Panoramic sensing is a vital and integral part of the oldest, original way of staying alive. For animals it is a balance for all their active focused sensing and when dozing.

Panoramic sensing doesn't lead to the same mental problems, and it doesn't have the same ingenious creative potential that focusing has. By itself it would not solve anything, we would starve or get eaten. Animals must focus and react once they perceive food or danger. The value of panoramic sensing lies in balancing and alternating it with focused sensing.

Our culture has developed some ingenious and valuable balances for our focused work mode. Entertainment, where we focus on someone else who is focused on entertaining us. Religions, where we have a higher focal point or image. Creative art and music, where we focus with our imagination.

From a panoramic perspective, the way we try and balance our 'doing-focusing-working time' with our 'free time' is ironical.

Animals don't balance their focusing activities with more focusing on being creative or having fun. Being creative is a wonderful human activity. And i've nothing against play or having fun. Play is an amazing balance for work. But panoraming is the way animals balance all of these.

Sleep is considered as the main balance for the days activity. Animals even balance their sleep with panoraming.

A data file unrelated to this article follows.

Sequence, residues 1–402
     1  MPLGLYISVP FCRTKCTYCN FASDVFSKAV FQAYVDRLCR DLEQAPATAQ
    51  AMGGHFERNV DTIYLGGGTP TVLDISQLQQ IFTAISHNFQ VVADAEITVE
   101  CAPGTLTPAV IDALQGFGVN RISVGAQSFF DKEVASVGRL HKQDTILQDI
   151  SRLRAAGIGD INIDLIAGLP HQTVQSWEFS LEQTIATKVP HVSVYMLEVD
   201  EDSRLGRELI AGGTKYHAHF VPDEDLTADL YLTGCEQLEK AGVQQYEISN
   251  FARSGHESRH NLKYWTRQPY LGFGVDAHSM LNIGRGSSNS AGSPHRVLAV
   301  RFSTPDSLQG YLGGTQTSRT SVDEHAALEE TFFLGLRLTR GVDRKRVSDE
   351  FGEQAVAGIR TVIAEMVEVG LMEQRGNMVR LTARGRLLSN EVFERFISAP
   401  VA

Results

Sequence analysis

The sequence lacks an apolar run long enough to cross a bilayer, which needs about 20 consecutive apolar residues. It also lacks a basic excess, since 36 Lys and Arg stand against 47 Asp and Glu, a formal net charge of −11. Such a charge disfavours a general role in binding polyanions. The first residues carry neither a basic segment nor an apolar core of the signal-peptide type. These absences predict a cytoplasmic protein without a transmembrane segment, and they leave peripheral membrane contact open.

There is one especially ironical case.

I believe many people of faith, disciples of truth and the spirit, experience mental effects which i could call panoramic thinking; but most of these people, have a preconditioned belief that the senses lead to worldly desires, and consequently dukkha, (understood as suffering), or the devil. And so, from a panoramic perspective, the problem is that in almost all of these, we close the windows and the eyes, focus on an image or internal mantra or prayer, listen for inner peace in the silence, and breath without smelling.

From a panoramic perspective this directly contradicts nature's balance. See Chapter 5 : Demystification of Religions. Especially The Basic Misconception that the Senses lead to Worldly Desire.

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